Sin is serious. God is equally displeased with sin in our lives before conversion as after conversion (and perhaps more so after conversion). We must confess, repent, and seek forgiveness for the sins in our lives to continue to have a relationship with God.

Think of it in terms of one of the most-used metaphors of our relationship with God in the Bible–a marriage. The wedding ceremony is our conversion and entrance into the fellowship of the Church. The marriage is every day after that. Just as in a human marriage, the wedding might have been perfect and wonderful and beautiful, but that does not mean the marriage will also be those things or continue. Sometimes people who are married grow apart. Eventually the wife confronts the husband and says, “You are having affairs. You are distant. Even when you are home, you are not here. Your attention and your energy are always directed somewhere else and at someone else. I don’t care what you say, you are not here.” And that would be the reality. If human beings can figure this out in our own marriages, do you not think that God may have to say the same things to people with their “relationship” with him?

Our love for God must be not in words only, or in attendance only. It must be active, faith-filled, and true.

Article XVIII-Salvation-Sanctification

Continuing on the series of the Free Methodist Church’s Articles of Religion (see here and here for an explanation of the series and format):

¶119 Salvation-Sanctification

Sanctification is that saving work of God beginning with new life in Christ whereby the Holy Spirit renews His people after the likeness of God, changing them through crisis and process, from one degree of glory to another, and conforming them to the image of Christ.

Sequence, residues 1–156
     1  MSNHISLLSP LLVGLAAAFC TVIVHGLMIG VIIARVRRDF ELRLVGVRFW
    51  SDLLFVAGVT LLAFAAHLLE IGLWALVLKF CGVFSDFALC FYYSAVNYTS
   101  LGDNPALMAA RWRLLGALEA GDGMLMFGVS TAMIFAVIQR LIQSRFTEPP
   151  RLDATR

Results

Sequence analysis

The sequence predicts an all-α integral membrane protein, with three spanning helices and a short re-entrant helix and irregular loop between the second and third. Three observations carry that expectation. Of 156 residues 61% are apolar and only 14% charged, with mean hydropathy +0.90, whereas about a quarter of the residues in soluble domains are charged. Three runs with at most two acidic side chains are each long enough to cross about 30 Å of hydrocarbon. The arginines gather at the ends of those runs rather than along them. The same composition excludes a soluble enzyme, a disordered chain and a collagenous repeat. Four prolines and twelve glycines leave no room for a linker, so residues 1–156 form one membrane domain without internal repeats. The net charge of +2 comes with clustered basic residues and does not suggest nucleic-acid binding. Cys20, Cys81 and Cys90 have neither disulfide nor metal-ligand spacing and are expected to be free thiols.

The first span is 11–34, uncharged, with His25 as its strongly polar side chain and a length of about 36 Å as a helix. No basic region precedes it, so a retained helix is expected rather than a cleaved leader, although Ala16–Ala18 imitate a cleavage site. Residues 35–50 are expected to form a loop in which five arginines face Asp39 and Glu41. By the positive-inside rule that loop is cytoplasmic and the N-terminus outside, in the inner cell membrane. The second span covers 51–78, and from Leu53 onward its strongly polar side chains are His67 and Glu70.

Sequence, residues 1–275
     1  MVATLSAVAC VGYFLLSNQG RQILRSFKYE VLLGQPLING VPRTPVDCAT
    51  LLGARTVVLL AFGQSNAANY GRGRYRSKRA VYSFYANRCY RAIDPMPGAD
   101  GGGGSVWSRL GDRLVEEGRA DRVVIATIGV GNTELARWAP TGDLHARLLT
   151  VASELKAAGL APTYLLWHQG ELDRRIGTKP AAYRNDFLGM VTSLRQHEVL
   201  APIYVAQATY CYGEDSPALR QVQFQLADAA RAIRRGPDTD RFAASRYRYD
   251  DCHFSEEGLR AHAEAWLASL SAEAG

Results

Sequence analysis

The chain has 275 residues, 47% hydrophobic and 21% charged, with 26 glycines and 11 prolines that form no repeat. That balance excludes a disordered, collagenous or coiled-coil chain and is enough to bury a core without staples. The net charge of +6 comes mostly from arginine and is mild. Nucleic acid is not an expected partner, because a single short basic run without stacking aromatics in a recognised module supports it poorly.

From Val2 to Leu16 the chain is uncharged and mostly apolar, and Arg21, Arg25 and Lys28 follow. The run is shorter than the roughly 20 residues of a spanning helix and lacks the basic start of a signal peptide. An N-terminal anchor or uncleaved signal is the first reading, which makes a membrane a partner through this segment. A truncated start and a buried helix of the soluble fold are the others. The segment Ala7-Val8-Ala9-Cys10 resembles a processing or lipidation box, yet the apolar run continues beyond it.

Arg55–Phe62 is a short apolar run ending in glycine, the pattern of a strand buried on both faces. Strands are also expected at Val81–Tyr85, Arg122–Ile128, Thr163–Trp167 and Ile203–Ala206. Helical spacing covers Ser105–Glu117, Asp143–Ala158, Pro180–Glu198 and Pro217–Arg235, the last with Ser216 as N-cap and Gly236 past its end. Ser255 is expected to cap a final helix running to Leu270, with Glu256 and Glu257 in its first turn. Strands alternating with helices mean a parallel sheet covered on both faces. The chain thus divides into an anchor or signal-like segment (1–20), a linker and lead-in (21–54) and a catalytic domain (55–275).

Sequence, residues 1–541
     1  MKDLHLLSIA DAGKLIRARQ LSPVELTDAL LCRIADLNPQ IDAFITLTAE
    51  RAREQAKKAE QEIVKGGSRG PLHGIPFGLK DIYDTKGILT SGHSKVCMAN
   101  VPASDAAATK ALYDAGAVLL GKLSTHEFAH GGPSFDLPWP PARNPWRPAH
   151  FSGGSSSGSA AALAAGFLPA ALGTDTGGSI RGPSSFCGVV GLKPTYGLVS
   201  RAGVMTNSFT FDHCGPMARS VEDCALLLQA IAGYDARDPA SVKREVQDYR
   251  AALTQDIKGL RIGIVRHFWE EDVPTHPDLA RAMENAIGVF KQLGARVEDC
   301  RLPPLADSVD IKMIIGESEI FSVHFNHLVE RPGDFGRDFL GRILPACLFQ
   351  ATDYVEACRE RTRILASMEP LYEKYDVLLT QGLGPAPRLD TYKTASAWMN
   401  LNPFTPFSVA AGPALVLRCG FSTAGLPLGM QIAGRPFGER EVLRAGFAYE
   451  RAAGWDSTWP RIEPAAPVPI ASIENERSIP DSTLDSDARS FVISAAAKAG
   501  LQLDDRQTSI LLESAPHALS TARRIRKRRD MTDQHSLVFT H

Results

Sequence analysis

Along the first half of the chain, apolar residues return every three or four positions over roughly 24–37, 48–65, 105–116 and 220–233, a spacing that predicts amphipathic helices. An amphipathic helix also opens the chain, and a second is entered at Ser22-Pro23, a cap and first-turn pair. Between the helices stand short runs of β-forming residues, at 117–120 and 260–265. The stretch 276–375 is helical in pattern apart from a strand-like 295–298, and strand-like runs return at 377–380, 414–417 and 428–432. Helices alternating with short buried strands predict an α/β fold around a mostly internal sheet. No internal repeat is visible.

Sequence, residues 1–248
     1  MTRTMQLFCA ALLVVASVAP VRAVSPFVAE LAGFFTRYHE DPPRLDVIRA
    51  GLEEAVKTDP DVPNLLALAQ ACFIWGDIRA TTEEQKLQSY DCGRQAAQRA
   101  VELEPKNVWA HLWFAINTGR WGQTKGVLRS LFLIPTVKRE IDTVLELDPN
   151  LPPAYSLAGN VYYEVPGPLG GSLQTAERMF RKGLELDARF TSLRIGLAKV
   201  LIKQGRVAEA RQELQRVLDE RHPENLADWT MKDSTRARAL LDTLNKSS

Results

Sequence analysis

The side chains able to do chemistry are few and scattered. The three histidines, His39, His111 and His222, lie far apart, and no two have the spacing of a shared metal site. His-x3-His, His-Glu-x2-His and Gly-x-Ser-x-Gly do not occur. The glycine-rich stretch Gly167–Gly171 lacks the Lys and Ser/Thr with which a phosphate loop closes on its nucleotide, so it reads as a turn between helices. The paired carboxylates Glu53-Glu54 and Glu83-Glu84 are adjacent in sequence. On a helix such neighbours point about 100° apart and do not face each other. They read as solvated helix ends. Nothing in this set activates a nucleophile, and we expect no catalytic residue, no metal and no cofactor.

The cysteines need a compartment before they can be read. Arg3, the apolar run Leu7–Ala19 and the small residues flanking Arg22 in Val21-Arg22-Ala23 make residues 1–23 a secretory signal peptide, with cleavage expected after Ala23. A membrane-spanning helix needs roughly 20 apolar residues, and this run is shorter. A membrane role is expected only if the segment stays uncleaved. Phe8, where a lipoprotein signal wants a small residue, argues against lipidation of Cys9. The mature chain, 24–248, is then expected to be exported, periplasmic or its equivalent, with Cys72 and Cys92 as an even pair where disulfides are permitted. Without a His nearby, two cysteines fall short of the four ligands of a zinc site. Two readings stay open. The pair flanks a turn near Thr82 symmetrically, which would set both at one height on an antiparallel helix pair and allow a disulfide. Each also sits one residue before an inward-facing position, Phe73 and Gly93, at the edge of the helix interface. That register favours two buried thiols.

As believers surrender to God in faith and die to self through full consecration, the Holy Spirit fills them with love and purifies them from sin. This sanctifying relationship with God remedies the divided mind, redirects the heart to God, and empowers believers to please and serve God in their daily lives.

Thus, God sets His people free to love Him with all their heart, soul, mind, and strength, and to love their neighbor as themselves.

¶131 Scriptural References

The doctrines of the Free Methodist Church are based upon the Holy Scriptures and are derived from their total biblical context. The references below are appropriate passages related to the given articles. They are listed in their biblical sequence and are not intended to be exhaustive. Leviticus 20:7-8; John 14:16-17; 17:19; Acts 1:8; 2:4; 15:8-9; Romans 5:3-5; 8:12-17; 12:1-2; 1 Corinthians 6:11; 12:4-11; Galatians 5:22-25; Ephesians 4:22-24; 1 Thessalonians 4:7; 5:23-24; 2 Thessalonians 2:13; Hebrews 10:14.

John Wesley called the doctrine of sanctification the “grand deposit” God gave the people called Methodist. It is this doctrine that sets us apart from other denominations. It is not because it is new or different. On the contrary. It is because we have been called by God to make it one of the hallmarks of our preaching and teaching.

As one can see by the many Scripture passages above that reference sanctification, this is not a new concept. Another way to describe the same idea is Christian maturity, although sanctification is more traditional.

Put simply, we believe that God can truly conform us to the image and likeness of Christ and enable us to live a holy life in his power here and now in this life. Full salvation from the power of sin is not beyond the power of God, nor is it beyond the purview of humans in this life. As we respond to God’s grace, we are gradually transformed from grace to grace and glory to glory. We see nowhere in the Bible where it states that God can only complete the good work in us at the moment of our death.

As well, we have witnesses of sanctified lives among us. There are numerous stories of people who were truly the salt of the earth. We know people who did truly perfectly love God and neighbors. And we pray that those ranks will increase.